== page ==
Said, Edward W., The Nation
The Barber of Seville Don Giovanni
Much of the great outburst of intellectual energy in recent literary criticism has focused on the difficulty, even the impossibility, of interpretation. Psychoanalysis, semiotics, linguistics, deconstruction, feminist theory and Marxism have so expanded our notions of what a text or an authorial performance is that saying what was meant in King Lear or Ulysses is now an enormously complex enterprise. At its best, interpretation has therefore become inventive, a form of deliberate misreading, supplying all sorts of frankly conjectural possibilities as a way of rendering the work's historical distance, the author's silence, the critic's manifest power over the work. Texts that are subject to the tyranny of the unconscious or the tactics of class are no longer read for their lifelike depiction of characters, setting or history. "Wordsworth' has become a convenient shorthand for the writer whose text--a much more significant word--is the tangled meeting place for innumerable and unstable forces, none of them renderable "realistically' in the way that a photograph of a waterfall represents a real waterfall.
Musical performance is, of course, an art of interpretation. Yet it isn't plausible to expert a pianist playing a Beethoven sonata or an opera director staging Wozzeck to produce creative misreadings of these works. Most musical performance is still held in by mimetic norms. The pianist tries to play as exactly as possible what he or she thinks Beethoven actually wrote, in the order that he wrote it, first movement first, last movement last. Similarly, opera productions, although they give the director considerable leeway, must still respect character and plot. It would be impossible to do Aida without an Aida, although in a famous Frankfurt production Wieland Wagner had her skulking in the background, leaving the central position to Amneris. Directors and audiences (to say nothing of singers and dancers) retain a common realistic expectation of what the intactness of a piece is, otherwise there would be no opera, and no paying audience.
So it has been the case that musical revivals have tended to be conservative, trying to get back to some lost or forgotten original. The vogue for early music played on original instruments, the revival of bel canto repertoire and style, the return to Mahler: All these have embodied not just the idea of recuperation but a usually unstated ideology of authenticity. The musical results are often satisfying. But it is not generally noted that even so apparently harmless and "correct' a notion as faithfulness to an original is itself already an interpretation, in which a slew of unverifiable entities (the composer's intention, an original sound, etc.) are set up and bowed to as if they were facts of nature.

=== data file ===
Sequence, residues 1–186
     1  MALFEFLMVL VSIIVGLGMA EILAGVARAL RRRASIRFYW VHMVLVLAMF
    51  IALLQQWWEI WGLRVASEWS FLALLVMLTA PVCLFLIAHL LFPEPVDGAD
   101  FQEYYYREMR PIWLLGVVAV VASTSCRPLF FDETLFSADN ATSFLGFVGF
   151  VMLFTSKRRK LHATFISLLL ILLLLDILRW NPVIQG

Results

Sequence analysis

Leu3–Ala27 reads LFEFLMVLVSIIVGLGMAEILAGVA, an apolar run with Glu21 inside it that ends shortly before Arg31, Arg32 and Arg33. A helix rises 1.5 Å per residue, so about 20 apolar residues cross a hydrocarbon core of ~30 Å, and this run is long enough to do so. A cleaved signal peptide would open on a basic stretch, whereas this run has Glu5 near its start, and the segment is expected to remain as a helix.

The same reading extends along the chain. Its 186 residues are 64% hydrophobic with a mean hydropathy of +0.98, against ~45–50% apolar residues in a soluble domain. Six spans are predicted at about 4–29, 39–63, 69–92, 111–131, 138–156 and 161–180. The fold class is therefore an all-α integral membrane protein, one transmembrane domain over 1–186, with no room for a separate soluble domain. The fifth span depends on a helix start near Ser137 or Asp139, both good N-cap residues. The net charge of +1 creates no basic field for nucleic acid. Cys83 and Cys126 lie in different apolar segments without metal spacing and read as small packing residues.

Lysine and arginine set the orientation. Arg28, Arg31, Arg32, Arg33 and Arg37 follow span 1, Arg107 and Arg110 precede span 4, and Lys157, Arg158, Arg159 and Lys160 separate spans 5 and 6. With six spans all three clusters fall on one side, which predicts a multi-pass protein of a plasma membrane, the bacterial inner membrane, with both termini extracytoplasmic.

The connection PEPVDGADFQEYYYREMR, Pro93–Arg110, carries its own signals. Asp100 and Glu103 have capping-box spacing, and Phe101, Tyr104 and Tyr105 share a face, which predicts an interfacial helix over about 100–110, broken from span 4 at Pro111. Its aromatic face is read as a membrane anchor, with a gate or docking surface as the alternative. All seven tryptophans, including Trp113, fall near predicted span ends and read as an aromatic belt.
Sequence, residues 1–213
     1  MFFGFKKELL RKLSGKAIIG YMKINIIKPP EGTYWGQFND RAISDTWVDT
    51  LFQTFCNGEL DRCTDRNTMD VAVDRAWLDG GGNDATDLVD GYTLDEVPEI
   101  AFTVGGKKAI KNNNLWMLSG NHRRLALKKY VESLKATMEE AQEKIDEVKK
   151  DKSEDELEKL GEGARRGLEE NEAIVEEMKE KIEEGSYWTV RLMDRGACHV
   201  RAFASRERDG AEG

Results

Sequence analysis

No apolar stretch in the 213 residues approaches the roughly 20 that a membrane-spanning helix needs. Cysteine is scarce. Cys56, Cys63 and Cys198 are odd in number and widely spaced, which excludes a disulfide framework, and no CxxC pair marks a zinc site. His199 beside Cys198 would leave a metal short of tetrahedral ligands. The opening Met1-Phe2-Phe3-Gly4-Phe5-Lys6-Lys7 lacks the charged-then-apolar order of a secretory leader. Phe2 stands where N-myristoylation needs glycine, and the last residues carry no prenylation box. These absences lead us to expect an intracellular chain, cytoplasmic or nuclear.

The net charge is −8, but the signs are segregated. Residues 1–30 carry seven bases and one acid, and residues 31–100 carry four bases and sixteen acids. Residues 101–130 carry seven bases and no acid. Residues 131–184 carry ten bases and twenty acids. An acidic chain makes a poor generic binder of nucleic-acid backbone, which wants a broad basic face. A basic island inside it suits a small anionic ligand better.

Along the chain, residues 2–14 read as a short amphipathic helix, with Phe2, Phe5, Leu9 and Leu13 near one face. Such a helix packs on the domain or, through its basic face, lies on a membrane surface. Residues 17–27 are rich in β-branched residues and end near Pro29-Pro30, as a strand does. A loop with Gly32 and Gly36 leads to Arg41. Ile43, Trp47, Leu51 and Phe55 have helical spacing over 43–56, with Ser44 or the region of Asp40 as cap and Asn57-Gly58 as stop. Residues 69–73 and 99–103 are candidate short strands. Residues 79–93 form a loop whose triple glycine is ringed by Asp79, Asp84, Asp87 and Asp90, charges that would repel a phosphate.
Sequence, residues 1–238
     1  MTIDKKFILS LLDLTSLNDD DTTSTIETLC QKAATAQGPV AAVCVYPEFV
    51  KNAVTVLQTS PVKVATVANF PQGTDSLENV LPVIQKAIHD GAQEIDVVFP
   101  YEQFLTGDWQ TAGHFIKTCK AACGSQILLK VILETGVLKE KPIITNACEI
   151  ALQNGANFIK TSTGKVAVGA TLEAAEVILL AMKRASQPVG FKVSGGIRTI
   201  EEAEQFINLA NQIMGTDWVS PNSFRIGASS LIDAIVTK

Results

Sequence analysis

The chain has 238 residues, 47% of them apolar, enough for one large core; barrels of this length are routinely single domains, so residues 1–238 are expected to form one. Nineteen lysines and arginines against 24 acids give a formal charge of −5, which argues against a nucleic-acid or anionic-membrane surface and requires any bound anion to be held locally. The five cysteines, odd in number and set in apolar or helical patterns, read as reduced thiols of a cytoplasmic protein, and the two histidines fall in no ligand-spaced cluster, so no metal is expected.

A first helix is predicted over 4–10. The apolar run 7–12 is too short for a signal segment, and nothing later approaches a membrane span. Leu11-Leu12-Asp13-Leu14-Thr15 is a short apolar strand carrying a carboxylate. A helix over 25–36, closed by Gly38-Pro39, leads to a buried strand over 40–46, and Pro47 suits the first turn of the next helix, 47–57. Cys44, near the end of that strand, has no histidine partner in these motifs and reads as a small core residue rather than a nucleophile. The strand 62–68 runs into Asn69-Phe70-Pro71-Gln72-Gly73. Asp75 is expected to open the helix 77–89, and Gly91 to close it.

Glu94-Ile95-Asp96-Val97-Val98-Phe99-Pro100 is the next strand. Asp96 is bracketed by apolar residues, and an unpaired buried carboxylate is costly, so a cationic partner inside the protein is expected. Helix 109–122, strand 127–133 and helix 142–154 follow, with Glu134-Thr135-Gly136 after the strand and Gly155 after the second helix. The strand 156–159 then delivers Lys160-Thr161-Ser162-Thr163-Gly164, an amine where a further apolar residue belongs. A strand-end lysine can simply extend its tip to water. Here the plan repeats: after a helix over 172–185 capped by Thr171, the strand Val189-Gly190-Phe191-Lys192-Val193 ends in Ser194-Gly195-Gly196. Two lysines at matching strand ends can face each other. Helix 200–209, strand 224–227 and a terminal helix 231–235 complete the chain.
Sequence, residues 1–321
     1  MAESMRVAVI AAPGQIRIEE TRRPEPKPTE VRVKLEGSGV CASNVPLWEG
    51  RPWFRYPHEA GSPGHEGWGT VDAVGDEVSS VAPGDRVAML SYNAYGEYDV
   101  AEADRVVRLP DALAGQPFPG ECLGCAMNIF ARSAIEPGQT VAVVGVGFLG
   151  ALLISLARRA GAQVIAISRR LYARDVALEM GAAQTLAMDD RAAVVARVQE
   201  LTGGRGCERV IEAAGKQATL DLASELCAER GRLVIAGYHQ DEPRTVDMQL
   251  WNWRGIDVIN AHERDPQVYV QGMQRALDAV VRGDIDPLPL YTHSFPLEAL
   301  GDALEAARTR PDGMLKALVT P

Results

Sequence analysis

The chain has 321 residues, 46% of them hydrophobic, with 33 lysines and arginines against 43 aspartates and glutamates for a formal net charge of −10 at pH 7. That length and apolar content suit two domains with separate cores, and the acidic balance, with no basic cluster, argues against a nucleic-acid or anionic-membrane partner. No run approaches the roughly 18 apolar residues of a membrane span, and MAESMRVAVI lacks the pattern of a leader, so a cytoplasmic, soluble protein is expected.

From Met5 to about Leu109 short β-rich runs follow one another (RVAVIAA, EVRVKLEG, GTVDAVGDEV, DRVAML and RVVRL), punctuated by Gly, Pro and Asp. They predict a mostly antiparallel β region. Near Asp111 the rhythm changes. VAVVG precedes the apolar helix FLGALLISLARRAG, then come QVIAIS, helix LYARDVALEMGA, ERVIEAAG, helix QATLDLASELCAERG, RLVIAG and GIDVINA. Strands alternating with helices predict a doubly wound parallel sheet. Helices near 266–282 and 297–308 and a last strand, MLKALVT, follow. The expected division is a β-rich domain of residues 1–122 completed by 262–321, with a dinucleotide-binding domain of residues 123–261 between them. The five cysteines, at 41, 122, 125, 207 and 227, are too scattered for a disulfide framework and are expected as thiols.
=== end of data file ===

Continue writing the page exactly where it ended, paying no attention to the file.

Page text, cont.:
Take as an illustration the current Rossini revival. With the exception of The Barber of Seville, Rossini's operas were scarcely performed in this country until about thirty years ago. A number of factors--the interest in bel canto, the advent of singers like Joan Sutherland and Marilyn Horne, the massive re-editing of Rossini's scores undertaken by Ricordi, the pioneering historical research of scholars like Philip Gossett --stimulated interest in the other operas, which are now available on records and occasionally performed with some educated attention to his extraordinary music. Rossini's work is still not appreciated as it ought to be or performed with the frequency it deserves, but it is rare to encounter even The Barber today without also noting a salutary change in interpretive attitudes to Rossini's music and drama.
As a performance of The Barber of Seville at London's Covent Garden in July revealed, even the most well-known Rossini is no longer played as simple comic entertainment, fit for children or softheaded adults. The contemporary Rosina, sung in London with a wryly confident maturity by Lucia Valentini-Terrani, is a cynical mezzo, not a soprano ingenue. …